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Thread: wood movement

  1. #1
    Join Date
    Sep 2007
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    Boca Raton FLorida
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    101

    wood movement

    I'm in the middle of my first project and I just finished the doors. I used solid mahogany which I trimmed with a solid maple 2 inch band. Am I going to have a problem with wood movement splitting apart my doors?

  2. #2
    Join Date
    Jan 2007
    Location
    Sacramento, CA
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    1,325
    Hi Gene,

    The answer fully depends on the direction the grain goes on your panel. If you have grain glued at T-intersections on wide panels, you may have issues. The idea is that you always allow for cross-grain to expand and contract. The species of a wood can be a guide for how MUCH movement, but the mixing of the two really doesn't do much to preclude or exacerbate the rule of allowing for it, I don't think.

    If you have a long grain to long grain glue, don't worry there. Wood doesn't do much swelling in the longitudinal dimension. Your biggest point of expansion will be parallel to the growth rings - that is to say quartersawn boards move less in width than flatsawn boards. They still move, just not as much.

    Edit: I should toss in some numbers to help. The general rule that I follow is to allow for up to 1/8" of movement for every 6" of width. It's possibly a little overkill in some species, but I sleep better with that rule
    Jason Beam
    Sacramento, CA

  3. #3
    Join Date
    Sep 2007
    Location
    Boca Raton FLorida
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    101
    I definately have T-intersections and my doors inside panels are 12x32. The banding adds 4 inches both ways and ends up being 16x36. I guess time will tell for sure. If I have to I can always remake the doors if they split.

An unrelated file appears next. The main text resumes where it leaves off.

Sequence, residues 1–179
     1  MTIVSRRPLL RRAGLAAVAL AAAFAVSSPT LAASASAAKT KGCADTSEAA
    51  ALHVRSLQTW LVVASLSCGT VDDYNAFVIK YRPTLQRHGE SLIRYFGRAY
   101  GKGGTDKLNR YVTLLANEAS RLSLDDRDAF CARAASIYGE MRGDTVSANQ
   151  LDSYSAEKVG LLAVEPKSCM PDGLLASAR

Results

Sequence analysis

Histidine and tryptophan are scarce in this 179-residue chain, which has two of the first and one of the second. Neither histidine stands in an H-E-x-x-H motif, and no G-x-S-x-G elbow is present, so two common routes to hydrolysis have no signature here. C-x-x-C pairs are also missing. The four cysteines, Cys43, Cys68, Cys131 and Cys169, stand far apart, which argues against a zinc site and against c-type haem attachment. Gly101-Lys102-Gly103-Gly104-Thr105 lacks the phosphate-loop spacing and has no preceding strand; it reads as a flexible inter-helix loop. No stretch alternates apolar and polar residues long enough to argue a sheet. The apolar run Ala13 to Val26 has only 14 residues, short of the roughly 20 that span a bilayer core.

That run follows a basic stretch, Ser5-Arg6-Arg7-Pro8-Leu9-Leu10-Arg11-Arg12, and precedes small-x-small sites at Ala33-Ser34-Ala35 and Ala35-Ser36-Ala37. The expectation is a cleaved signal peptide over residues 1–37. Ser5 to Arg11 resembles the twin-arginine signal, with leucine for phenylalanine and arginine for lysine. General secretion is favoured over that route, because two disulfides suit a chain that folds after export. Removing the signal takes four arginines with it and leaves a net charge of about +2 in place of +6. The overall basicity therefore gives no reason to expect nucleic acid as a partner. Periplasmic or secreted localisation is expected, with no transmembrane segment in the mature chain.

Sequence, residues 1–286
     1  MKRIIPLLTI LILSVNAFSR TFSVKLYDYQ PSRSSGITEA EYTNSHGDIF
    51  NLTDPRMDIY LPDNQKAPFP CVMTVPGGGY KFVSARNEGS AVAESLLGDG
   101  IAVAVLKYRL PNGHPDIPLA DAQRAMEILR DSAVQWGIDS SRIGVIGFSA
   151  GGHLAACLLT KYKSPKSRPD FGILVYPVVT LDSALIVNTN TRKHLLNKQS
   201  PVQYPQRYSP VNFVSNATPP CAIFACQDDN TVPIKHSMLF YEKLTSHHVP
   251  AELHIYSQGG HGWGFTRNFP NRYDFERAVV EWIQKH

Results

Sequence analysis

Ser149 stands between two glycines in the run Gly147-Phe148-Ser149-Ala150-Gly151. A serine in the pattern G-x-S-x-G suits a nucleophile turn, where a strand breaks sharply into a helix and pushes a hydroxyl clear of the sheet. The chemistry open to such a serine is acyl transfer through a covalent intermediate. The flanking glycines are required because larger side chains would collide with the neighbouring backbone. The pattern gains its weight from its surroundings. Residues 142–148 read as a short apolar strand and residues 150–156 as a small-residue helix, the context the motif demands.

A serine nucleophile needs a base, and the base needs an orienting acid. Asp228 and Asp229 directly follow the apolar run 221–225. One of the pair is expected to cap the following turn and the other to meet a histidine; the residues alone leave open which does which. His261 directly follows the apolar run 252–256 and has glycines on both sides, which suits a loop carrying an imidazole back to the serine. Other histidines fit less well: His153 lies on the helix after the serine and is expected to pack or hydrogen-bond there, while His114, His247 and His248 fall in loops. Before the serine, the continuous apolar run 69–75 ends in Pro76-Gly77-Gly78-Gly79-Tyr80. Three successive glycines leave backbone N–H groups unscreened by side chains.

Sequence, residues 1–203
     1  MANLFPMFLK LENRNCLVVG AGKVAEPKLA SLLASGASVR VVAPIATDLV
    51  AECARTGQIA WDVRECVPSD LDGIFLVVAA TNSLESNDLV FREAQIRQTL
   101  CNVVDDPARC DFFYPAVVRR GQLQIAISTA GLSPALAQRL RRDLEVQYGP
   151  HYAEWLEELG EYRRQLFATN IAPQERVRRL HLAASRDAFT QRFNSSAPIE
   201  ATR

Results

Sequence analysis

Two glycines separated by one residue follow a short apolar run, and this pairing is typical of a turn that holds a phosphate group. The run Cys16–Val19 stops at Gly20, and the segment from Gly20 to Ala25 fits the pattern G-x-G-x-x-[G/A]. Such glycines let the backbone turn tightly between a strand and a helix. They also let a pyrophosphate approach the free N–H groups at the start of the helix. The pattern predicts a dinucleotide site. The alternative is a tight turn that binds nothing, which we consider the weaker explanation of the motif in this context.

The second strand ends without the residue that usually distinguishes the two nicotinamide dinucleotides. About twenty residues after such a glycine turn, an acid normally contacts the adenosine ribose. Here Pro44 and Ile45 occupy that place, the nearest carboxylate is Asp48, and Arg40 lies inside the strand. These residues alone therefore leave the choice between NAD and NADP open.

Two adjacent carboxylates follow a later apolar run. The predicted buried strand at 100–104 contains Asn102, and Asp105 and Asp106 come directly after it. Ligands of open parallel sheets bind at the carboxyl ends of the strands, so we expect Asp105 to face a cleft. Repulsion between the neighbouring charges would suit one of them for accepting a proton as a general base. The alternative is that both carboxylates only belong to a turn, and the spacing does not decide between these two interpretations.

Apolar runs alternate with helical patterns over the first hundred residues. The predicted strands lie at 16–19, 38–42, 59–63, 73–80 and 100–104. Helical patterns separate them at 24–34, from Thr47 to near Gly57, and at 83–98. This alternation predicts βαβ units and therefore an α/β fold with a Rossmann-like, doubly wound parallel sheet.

4. #4
    Join Date
    Nov 2006
    Location
    Austin, Texas
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    1,349
    Unless the maple is as thin as a veneer (so that it will be forced to follow the movement of the underlying wood) the simple answer is yes, you will have a problem.

    Here are a few rules of thumb... and as rules of thumbs, there will be exceptions and some disagreement. But for starters, assume ...
    1. Wood expands and contracts across the grain... anything more than a couple inches has to be accommodated.
    2. The expansion and contraction the length of the grain is negligible
    3. A veneer is wood that is thin enough (generally less than 1/16 inch thick) so that, when it is glued to a substrate, it will move with the substrate. It is too thin to force it's own movement across the grain
    4. Plywood has grain running both ways, in veneers, so is stable. You can assume plywood has no wood movement. Same for MDF and particle board.

    The reason raised panel doors have been around hundreds of years is that the rails and stiles are only a couple inches wide, so you can ignore the movement where the rail joins the stile. The panel in the center is larger than a couple inches, so you have to plan on expansion and contraction. The center panel "floats" in a groove in the rails and stiles, sometimes with rubber "space balls" or other tricks to keep the panel centered without rattling.

    There was a very dramatic example on another forum... Someone made a (presumably) very durable oak table. With lots of glue and screws in the wood braces across the bottom to hold the tabletop together. So many screws and glue that it tore the table apart in the first season of expansion and contraction. Multiple splits running the length of the table.
    Charlie Plesums, Austin Texas
    (Retired early to become a custom furnituremaker)
    Lots of my free advice at www.solowoodworker.com

  5. #5
    Join Date
    Sep 2007
    Location
    Boca Raton FLorida
    Posts
    101
    Thanks for the bad news and help. The next doors will be made like my kitchen with the rail and stile or a veneer on the inside over something that doesn't move like plywood or particle board. Thanks again for the help. It will be interesting to see how long before it splits. I hope I finish before that happens.

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